To A Mountain In Tibet by Colin Thubron

It’s been a while since I read anything by torchlight. Mostly because few writers tempt me to, when the sleepy family scolds me for leaving the bedside lamp on. But Colin Thubron’s journey to Mount Kailas (To A Mountain In Tibet) was unputdownable. Trekking up the high mountains of Nepal, crossing over to Tibet, he talks of a land that’s shrouded in mystique today, as it was a century ago. Few Westerners have recorded their passage to the country; fewer still the journey to the sacred mountain, near which four great rivers sprang to life (Ganges, Brahmaputra, Indus and Sutlej). But ‘humbler travellers’ Thubron notes, ‘have been entering the country for centuries: pilgrims who left no record’. Interestingly, Thubron’s beautifully recorded journey is also a pilgrimage of sorts, stretching beyond being just a lyrical ode to the landscape, touching upon memories close to his heart (he lost the last surviving member of his family before the trip). Here, he talks of the mountains, where divinity ‘wears a smile of compassion and a garland of skulls’. It’s on this harsh terrain that he meets an abbot who ironically tells him ‘it is you who can go to Kailas’; not the Tibetans, but only the Westerner. As he takes you higher, towards that holy mountain, the air thins, but lore — ideologies and customs — thickens. But it is close to Mount Kailas itself, by the shores of Manasarovar, that religion, Nature and writing — as lofty and sharp as jagged mountains — come together to make the reader, just like it did the writer, feel ‘oddly elated, unreal’.

It works because…

If you can neither whisk yourself to Tibet, nor walk besides its great arc of mountains, these pages might be your best bet to experience ‘that heart-stopping moment pilgrims burst into tears and prayers’ when they see the shining cone of Mount Kailas. But this land, drenched in ‘ancient silence’ and studded with ‘violent peacock blue lakes’ also bears the scars of the Chinese invasion. And it is this dichotomy that Thubron captures. ‘There is Tibet’ he tells himself, ‘I am in Tibet’, but the next instant, the exultation dissolves in a lament — ‘but the town has a lunar placelessness’; what was, a millennium ago ‘the capital of an independent Tibetan kingdom’ (Taklakot) had, when the author visited, ‘the gutted feel of other Chinese frontier places’. Poverty, he says, is the common thread that binds the villages in the high Himalayas, adding that the perceived ‘idyll is a mirage’. As I read on about Thubron completing the external and internal journey, the torch shone on the page, the seven white bulbs glinting like diamonds on writing that was as polished and reflective as the gemstone. It takes thousands of tortuous years to transform carbon into diamond. But all it takes a really good writer is 218 pages.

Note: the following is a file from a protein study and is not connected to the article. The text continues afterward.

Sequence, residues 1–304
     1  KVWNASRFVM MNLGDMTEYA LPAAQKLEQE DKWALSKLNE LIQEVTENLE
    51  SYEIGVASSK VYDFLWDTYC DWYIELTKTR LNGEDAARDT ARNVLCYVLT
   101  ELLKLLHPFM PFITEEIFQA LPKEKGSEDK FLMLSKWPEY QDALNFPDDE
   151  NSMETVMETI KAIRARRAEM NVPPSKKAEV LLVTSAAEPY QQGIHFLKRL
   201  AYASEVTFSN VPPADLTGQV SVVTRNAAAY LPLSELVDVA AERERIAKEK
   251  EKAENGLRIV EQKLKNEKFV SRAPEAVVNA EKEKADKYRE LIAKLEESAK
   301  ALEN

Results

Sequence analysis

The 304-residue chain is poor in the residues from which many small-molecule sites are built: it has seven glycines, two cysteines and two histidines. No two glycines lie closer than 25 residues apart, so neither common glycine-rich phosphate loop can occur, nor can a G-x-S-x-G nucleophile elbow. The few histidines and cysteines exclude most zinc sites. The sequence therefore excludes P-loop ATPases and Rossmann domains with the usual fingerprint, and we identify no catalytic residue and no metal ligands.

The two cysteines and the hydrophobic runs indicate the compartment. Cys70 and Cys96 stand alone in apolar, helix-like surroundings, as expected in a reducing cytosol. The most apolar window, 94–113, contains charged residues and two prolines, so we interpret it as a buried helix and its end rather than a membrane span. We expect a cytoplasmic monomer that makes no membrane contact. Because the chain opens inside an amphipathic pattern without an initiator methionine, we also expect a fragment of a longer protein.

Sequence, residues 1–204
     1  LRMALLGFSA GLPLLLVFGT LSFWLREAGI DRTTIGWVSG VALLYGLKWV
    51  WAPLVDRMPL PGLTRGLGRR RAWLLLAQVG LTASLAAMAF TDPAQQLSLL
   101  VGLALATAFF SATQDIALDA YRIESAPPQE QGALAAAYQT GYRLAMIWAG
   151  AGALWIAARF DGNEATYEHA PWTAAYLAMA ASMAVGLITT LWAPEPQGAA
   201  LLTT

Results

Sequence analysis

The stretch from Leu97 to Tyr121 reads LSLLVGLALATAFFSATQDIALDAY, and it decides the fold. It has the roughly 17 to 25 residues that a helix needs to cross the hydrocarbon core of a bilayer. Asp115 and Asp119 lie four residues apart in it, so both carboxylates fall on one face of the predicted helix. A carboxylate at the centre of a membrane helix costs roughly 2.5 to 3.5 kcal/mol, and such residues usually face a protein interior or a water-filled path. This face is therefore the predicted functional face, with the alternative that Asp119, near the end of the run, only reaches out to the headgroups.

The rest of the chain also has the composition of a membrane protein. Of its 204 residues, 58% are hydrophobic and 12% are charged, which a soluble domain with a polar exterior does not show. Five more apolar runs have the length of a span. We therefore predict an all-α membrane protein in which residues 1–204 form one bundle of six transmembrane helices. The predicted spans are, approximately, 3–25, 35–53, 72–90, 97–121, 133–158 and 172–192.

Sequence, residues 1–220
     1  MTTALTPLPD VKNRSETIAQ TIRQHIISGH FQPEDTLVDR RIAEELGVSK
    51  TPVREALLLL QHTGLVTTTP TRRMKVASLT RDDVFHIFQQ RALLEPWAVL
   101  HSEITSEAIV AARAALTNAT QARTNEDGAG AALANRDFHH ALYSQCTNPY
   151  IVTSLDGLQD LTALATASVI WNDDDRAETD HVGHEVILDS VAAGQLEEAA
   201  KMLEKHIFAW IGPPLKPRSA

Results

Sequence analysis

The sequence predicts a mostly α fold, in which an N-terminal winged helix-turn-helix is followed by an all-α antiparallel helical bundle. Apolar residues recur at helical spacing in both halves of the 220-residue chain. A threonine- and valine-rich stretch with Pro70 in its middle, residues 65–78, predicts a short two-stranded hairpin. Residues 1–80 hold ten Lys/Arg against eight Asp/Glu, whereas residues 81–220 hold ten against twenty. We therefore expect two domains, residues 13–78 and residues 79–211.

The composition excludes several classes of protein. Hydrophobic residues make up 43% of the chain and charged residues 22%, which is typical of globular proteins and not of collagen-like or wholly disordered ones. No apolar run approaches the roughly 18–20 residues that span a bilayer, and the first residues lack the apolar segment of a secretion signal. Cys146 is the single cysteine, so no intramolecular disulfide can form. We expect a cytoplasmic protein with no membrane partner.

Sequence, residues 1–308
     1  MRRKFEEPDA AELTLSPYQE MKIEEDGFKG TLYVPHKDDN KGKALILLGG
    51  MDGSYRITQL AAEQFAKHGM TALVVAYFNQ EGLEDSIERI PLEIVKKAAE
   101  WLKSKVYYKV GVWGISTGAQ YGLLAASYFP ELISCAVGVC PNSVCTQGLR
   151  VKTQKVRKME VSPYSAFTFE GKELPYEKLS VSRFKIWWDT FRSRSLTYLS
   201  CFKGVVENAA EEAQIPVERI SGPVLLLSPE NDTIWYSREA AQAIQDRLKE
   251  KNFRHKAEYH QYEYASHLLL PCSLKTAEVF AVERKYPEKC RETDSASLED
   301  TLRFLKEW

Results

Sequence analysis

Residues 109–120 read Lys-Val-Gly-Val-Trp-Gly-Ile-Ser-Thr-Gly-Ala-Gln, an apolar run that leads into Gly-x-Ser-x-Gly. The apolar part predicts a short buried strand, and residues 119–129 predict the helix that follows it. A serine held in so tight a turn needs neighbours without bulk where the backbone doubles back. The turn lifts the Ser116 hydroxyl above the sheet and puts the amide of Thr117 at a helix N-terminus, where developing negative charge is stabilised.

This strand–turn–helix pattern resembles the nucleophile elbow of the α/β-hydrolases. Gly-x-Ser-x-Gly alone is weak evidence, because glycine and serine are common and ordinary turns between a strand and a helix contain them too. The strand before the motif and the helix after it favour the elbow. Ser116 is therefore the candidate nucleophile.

And this one stays with you…

The first glimpse of Mount Kailas — ‘There seem no colours left in the world but this bare earth-brown, the snow’s white, and the sheen of mirrored sky. Everything else has been distilled away. The south face of Kailas is fluted with the illusion of a long, vertical stairway, as is for spirits to climb by. It shines fifty miles away in unearthly solitude. Void of any life, the whole region might have survived from some sacred pre-history, shorn of human complication. We have entered holy land.’